Tuesday, July 10th:  A cool and breezy 49 degrees morning here under clear skies. Cheery, fair weather cumulus soon made an appearance, dotting the azure blue above with stark white cotton ball forms.  From the window, I watched blueberry picking in progress in late morning, a moving meditation for the human among the curious and playful breezes, insects and birds, at times feeling the cool shadow of a passing cloud overhead.

The hummingbirds have been quite active, probing the sweet pea blooms along the north border. Occasionally one hovers in front of a window, where I am stationed. Curiosity satisfied, they return to their duties among the flowers.

Wednesday, July 11th:  The land has cooled down at this time; tendrils of night air bring in the scents of grasses, various forbs and dry earth. Another day comes to a close. Darkness does not descend upon us, rather it rises in the deepening band of purple-blue on the eastern horizon as the sun continues its westward run below the horizon, and the last glow fades. Stars make themselves known, the brighter ones a few at a time until blackness overtakes the dome, and vastness of space with its stellar community is revealed again.

Wednesday, July 18th: Sundown on July 18th was memorable, not so much in terms of color but in clarity of light. A clear night in progress here; the occasional breeze off the cooling land plays amid the chimes on the porch. Summer stridulators have replaced the chorus frogs of spring, changing the mood and tempo of the Nature’s nightly performance.

Friday, July 20th:  I awoke to a cool and clear 43 degrees at 6:30 this morning. A small band of clouds appeared around the south to southwest horizon not long afterward, which have now almost overtaken us. Morning light dims, but somehow still maintains the sharp, crystalline look of daybreak. A light breeze has sprung up, gently rocking the vegetation at close to ground level.  Another day begins.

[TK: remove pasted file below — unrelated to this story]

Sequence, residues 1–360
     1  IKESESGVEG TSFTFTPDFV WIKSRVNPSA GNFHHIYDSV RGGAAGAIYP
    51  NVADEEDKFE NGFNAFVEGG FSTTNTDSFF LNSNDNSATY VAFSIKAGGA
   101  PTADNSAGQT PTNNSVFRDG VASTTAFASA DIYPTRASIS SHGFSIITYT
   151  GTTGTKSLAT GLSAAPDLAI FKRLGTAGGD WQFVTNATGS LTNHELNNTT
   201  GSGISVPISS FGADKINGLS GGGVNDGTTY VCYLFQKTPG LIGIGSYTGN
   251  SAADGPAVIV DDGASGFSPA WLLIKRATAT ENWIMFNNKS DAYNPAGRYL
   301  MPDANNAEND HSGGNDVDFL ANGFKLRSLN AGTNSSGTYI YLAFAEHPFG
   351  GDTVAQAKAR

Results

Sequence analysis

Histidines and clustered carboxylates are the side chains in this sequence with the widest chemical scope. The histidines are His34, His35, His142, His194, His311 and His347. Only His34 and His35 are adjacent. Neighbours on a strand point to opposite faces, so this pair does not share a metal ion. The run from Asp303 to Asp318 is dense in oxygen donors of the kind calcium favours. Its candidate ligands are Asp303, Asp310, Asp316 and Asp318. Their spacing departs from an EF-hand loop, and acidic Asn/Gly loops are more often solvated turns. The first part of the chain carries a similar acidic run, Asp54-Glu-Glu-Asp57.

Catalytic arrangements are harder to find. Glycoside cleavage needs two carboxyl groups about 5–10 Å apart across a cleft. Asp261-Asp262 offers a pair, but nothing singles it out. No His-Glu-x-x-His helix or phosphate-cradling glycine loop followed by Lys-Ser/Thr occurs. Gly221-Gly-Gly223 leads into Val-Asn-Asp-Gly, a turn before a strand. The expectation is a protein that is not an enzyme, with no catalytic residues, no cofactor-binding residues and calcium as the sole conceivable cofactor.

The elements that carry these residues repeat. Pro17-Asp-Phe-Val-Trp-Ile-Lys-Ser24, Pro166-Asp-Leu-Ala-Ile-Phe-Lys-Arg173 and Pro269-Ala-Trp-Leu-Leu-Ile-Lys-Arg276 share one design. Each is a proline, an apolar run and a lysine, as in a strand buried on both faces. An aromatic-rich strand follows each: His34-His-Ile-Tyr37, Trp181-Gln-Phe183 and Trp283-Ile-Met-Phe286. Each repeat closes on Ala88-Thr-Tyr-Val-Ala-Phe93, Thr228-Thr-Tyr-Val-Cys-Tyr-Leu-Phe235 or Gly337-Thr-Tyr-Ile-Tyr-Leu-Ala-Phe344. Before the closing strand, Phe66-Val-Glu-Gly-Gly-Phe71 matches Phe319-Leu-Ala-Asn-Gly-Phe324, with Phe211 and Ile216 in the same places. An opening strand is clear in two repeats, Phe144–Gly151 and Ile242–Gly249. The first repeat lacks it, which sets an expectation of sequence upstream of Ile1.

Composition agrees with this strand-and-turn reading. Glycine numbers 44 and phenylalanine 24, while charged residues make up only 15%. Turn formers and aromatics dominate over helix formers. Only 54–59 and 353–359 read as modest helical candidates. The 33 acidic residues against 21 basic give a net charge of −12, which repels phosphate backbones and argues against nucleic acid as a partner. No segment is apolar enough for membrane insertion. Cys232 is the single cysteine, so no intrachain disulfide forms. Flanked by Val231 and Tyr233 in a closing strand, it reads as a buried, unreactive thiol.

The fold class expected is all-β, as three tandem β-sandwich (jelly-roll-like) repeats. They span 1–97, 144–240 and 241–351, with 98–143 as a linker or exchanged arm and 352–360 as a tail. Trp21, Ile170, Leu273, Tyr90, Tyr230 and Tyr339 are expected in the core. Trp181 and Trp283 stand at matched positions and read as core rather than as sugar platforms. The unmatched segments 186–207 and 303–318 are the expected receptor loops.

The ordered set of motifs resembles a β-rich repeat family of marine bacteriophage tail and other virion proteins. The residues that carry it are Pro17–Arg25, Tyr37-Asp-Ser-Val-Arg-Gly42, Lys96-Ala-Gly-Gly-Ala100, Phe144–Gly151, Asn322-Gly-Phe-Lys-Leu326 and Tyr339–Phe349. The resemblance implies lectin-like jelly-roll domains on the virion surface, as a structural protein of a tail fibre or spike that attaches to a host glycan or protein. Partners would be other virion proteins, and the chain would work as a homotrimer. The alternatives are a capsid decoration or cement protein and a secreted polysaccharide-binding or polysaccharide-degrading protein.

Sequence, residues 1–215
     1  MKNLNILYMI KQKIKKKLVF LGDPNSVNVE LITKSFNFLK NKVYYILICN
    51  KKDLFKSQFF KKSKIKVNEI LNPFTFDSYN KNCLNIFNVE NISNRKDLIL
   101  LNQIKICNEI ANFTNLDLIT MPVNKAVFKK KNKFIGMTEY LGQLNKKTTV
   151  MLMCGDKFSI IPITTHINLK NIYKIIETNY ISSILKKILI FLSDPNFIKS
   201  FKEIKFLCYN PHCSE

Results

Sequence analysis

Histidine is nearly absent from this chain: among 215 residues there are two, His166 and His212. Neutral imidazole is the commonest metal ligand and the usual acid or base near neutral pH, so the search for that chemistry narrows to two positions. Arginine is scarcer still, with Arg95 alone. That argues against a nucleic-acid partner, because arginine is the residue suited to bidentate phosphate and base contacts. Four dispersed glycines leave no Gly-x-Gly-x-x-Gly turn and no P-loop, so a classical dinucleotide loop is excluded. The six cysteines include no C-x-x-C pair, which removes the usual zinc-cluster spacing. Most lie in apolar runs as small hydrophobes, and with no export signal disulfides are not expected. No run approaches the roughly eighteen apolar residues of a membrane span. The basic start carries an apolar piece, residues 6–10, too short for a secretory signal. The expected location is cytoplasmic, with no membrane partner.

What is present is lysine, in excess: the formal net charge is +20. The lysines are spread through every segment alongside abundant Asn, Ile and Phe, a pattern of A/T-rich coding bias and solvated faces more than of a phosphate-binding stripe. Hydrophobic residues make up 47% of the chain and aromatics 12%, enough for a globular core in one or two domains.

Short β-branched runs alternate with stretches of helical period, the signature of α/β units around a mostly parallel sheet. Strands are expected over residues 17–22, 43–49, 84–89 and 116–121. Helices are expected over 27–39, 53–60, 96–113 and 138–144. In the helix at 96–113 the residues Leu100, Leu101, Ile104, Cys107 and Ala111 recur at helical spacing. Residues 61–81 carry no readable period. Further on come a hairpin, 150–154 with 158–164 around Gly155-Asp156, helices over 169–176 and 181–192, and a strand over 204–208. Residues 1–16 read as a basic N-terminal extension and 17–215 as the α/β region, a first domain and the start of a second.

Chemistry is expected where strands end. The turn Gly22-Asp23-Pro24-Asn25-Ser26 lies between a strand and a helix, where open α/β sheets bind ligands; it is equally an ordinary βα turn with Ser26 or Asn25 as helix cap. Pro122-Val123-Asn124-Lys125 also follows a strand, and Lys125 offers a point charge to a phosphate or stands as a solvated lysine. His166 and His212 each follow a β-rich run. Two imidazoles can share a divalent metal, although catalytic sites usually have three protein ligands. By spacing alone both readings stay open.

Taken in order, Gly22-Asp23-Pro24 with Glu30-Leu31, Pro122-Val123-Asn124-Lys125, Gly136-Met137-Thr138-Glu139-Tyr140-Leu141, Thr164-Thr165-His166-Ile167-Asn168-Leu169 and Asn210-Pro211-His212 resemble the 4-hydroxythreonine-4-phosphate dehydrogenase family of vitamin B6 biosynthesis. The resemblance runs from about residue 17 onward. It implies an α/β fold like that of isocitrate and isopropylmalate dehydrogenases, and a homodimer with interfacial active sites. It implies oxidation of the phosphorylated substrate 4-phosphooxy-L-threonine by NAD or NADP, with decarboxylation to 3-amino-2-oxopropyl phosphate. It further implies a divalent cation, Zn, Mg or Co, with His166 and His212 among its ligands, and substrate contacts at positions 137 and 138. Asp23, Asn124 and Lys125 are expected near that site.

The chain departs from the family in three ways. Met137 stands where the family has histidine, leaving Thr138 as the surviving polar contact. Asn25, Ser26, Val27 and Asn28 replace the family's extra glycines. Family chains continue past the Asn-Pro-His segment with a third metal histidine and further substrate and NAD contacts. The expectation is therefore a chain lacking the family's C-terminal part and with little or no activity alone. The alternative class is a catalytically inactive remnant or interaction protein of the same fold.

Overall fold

We wish our readers a pleasant evening ahead, and safe travels to all wherever their destination in life may lead them.

-Resident Feline Correspondent Wynken, reporting for Salmon Brook Farms

Crossing contrails that have spread, and captured the last colors of the day in pink. Another day ends.

Music news (schedule posted on the Performance Schedule page)

I continue to enjoy playing out again, especially as a terminal musician. Juggling music, family, farm, and outside work, which pays the bills which enables us to play music and keep the farm (and cats) going, has kept me more than occupied. June and July have not been any more conducive to finishing music projects at home than May, but I did make time to attend John Doan’s 11th annual harp guitar retreat, a much needed refreshing and energizing four days at the end of June.   Rick took excellent care of the cats while I was away, and he says they were very good boys and girls, mostly.  It sounds like the nine of them kept him quite busy, with little time for anything else.

The harp guitar is a both a beautiful and amazing sounding instrument;  I encourage readers to learn more about it, and the musicians that perform this kind of music.  Readers can visit John Doan’s official website here and see  videos of his concerts, presentations, and interviews.  He is a master of the 20 string harp guitar, Emmy-nominated performer, composer, public speaker, historian, instrument collector and university professor.

In July we were visited by our traveling musician friends Laurie Jennings and Dana Keller.  It is always a pleasure to hear them perform when they pass through our area.  Please check their tour schedule.  You may be able to catch them in California or Texas before they return to Florida at the end of October.   They are considering a tour of the United Kingdom.  Please don’t hesitate to contact them if you would like to see them in your area!  You can catch their videos here.

If you are in the area and wish to see me play live, please visit the Performance Schedule page in the ring menu at the top of this post.